This too-soon reboot, then, might not go anywhere or even be expected to go anywhere. It may just be a ploy to hold on to some rights that would otherwise revert to the Mouse.

  • Speaking of the Disney/Marvel merger, while I think it’s too soon to know for sure what (if anything) this will mean for the future of Marvel, I tend to agree with Mark Evanier’s take:

    This isn’t about publishing. Disney didn’t say, “Gee, it would be great to own a comic book company!” They could have started fifty comic book companies for four billion clams. This is about characters and properties which can be exploited in many forms. The publishing of comic books may or may not always be one of them…..[T]he future of Spider-Man has very little to do with the Spider-Man comic book. That hasn’t mattered for a long time.

    And while I tried my own hand at some Marvel/Disney mashups two days ago, I think I prefer these more artistic ones. [via]

  • I worry that some future journalism students will see this story and wonder, “what’s the big deal with paying your sources?” [via]
  • And finally, some terrific photographs of the same spots in New York City, composited into a single shot based on similarity. It’s a neat trick. [via]

Friday various

  • I haven’t yet been to Manhattan’s new High Line park, but now I see what I’ve been missing:

    Some guests at The Standard Hotel have stripped off to frolic naked in front of their rooms’ floor-to-ceiling windows, which are easily viewed from the newly-opened elevated High Line park.

    I particularly like how the hotel promises “to ‘remind guests of the transparency’ of the windows.” Who knew windows were transparent?!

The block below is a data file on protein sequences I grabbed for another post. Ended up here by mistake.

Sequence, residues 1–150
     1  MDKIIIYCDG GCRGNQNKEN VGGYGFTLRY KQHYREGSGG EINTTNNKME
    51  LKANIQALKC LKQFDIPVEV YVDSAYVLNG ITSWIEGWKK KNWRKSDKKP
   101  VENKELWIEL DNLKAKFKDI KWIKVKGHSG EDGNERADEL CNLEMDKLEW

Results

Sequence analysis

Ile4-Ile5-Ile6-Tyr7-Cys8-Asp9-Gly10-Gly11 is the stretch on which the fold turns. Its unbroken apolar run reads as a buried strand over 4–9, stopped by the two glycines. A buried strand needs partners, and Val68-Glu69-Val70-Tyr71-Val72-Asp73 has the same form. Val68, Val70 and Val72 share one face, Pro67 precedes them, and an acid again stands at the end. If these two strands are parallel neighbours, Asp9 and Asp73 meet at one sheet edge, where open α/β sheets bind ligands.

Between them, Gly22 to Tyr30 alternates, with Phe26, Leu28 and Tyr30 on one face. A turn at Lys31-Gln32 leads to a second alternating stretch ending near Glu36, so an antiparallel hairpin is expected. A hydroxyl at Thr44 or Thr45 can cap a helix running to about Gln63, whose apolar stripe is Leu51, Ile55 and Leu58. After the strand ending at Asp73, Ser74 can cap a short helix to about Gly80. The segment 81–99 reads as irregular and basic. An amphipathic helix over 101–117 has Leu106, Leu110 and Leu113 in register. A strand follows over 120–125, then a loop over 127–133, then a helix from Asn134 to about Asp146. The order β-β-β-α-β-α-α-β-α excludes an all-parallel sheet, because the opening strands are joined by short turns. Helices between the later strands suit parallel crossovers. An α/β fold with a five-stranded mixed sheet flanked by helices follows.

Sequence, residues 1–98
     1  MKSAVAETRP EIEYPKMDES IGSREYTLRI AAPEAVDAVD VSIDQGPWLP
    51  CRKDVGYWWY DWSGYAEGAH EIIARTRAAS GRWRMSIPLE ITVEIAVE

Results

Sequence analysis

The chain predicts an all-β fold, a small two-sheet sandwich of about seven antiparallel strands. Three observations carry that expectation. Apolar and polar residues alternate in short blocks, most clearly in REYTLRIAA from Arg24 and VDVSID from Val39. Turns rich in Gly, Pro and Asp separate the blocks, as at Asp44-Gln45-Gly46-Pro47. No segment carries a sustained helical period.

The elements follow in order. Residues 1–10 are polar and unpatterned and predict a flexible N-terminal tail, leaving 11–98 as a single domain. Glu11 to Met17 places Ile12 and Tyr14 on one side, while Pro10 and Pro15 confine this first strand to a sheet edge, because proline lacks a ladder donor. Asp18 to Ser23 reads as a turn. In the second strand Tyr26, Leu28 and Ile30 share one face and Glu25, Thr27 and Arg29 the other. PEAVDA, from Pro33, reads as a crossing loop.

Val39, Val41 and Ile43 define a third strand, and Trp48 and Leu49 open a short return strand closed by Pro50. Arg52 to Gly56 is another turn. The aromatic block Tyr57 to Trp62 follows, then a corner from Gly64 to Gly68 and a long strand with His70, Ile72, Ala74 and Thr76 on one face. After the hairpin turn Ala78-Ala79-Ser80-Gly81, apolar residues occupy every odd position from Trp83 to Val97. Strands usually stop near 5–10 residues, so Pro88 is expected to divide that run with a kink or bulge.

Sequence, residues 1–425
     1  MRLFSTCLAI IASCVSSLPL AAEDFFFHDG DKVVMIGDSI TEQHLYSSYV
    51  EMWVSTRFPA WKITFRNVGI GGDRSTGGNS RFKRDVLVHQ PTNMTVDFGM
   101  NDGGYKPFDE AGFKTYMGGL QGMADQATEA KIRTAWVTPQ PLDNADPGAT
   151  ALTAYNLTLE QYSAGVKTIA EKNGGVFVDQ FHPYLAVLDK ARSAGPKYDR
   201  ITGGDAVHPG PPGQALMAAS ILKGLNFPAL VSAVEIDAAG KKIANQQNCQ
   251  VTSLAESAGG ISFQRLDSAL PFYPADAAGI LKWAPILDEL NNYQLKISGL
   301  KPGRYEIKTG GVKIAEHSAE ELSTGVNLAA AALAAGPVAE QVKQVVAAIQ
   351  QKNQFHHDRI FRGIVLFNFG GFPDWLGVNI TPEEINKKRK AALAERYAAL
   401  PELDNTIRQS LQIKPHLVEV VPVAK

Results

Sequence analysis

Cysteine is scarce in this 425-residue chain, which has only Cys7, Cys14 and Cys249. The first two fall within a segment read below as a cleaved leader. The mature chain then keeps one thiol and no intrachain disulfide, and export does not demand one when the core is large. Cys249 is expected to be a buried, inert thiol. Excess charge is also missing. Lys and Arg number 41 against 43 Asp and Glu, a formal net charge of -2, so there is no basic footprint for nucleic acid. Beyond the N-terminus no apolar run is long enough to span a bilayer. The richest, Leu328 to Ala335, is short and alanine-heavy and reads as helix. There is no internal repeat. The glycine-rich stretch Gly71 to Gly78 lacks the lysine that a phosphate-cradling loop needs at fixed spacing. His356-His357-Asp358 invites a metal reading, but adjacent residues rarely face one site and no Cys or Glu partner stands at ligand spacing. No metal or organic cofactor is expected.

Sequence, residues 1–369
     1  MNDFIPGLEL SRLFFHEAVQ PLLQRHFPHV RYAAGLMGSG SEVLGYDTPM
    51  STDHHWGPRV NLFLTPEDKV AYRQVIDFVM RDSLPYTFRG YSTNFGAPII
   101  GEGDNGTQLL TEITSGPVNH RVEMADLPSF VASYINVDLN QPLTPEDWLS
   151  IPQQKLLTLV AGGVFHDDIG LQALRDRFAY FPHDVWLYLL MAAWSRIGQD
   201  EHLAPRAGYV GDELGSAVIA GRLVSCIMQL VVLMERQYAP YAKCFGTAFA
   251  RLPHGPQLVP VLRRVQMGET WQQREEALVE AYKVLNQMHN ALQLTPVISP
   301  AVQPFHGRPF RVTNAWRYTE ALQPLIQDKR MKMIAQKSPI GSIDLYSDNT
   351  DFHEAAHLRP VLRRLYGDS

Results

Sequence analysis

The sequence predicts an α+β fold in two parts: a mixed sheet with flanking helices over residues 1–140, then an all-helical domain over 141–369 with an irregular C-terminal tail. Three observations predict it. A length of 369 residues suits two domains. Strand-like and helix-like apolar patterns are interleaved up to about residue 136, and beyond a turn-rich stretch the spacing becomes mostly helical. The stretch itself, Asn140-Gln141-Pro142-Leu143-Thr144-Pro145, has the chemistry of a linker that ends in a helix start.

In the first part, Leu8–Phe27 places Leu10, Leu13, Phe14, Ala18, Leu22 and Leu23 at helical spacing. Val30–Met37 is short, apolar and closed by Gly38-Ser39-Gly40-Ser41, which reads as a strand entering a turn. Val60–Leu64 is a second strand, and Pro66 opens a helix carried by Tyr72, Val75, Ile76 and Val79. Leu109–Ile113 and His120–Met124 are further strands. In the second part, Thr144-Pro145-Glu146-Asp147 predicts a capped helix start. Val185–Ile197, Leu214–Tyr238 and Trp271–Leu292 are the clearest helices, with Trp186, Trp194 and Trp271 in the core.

• In all the talk about saving Reading Rainbow, which is going off the air after 26 years, I’ve been sort of amazed that no one’s remarked on one simple thing: the show actually went off the air three years ago. At least, that’s when Burton quit, disappointed with the direction the show’s news owners wanted to take it. New episodes haven’t been made since 2006. It’s disappointing there isn’t money in anybody’s pockets to keep repeats on the air — it really was a terrific program — but it’s also a little disingenuous (or only half the story) to call this the show’s end.
  • If you’re really feeling nostalgic for PBS children’s programming, why not check out the original pitch for Sesame Street?
  • I didn’t find TinEye particularly useful myself, but I do kind of like the idea of a “reverse search engine.” [via]
  • And finally, Warren Ellis on the smallness of the future:

    I miss vast, mad underground bases as much as the next person, possibly more, because deep down I feel like I always should have been a James Bond villain – but I adore the fact that the Jet Propulsion Lab appears to control the Mars rovers from a Portakabin somewhere outside Pasadena. And there’s great appeal in the notion that today’s architecture students will be faced with problems involving not great stupid boondoggles like Olympic stadia that in six years’ time will be nothing more than receptacles for the foaming, incandescent urine of meths-drinking tramps, but instead will be asked for solutions to concepts like the intron depot. From rust-prone compression rings and precast concrete sections for a tumour of idiocy, to atomic-scale cathedral stations for organising the blood-borne trajectories of rot-proof buckytube bullet-trains. This is beautiful to me.